The authors note that it is the responsibility of all healthcare professionals to ensure patients are not exposed to COVID-19, and this has meant minimizing hospital visits and person-to-person contact. For example, whenever possible, consultations take place via telephone calls or over the Internet, and nonurgent appointments that would require a patient’s physical presence at the clinic have been postponed. Visitors are also not permitted to accompany patients when admitted to the hospital or during procedures.
Standard-of-care treatment regimens have been adapted across all centers to minimize the number of hospital visits and hospitalizations and prevent “anticancer treatment-induced” complications of COVID-19.
To minimize visits and hospitalizations, strategies include converting intravenous treatments to oral or subcutaneous regimens when possible; switching from cytotoxic chemotherapy to a less-toxic approach to minimize the risk of complications requiring hospitalization; or to pause therapies when possible (stable disease reached or better). In addition, nonemergency surgeries have been postponed or replaced by radiotherapy.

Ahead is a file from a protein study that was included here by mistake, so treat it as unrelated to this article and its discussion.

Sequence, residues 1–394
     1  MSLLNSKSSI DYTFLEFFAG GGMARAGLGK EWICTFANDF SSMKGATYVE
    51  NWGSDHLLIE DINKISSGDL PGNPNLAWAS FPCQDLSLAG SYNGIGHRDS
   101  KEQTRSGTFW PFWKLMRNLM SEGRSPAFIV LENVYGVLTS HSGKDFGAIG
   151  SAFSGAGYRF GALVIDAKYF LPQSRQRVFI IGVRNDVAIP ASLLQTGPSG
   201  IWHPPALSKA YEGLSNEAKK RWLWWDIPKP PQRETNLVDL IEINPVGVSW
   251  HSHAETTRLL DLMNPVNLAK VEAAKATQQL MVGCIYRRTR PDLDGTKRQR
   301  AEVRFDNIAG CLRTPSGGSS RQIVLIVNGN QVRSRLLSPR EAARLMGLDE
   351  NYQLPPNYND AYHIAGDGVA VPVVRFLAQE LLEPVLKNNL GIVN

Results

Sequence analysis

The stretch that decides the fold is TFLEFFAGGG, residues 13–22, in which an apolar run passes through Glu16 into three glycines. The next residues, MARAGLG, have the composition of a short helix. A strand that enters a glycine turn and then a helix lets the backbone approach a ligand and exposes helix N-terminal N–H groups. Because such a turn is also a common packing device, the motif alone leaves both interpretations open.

To prevent anticancer treatment-induced complications of COVID-19, most centers use the paradigm that the added benefit for tumor control should be weighed against the potential risk for COVID-19–related morbidity and mortality. To prevent or reduce the risk of neutropenia and lymphopenia, for example, all centers have suggested a de-escalation of cytotoxic chemotherapy or targeted treatment strategies, or to forgo second or subsequent lines of palliative treatments if response rates from up-front therapy are low.
Some of these changes may be here to stay, noted Caldas. “One of the positive messages that comes out of this is that, clearly, care can be delivered in a safe and compassionate manner without requiring as many hospital visits as in the pre-COVID-19 era,” he said. “In the future, we will take heed of the COVID-19 experience to improve delivery of cancer care.”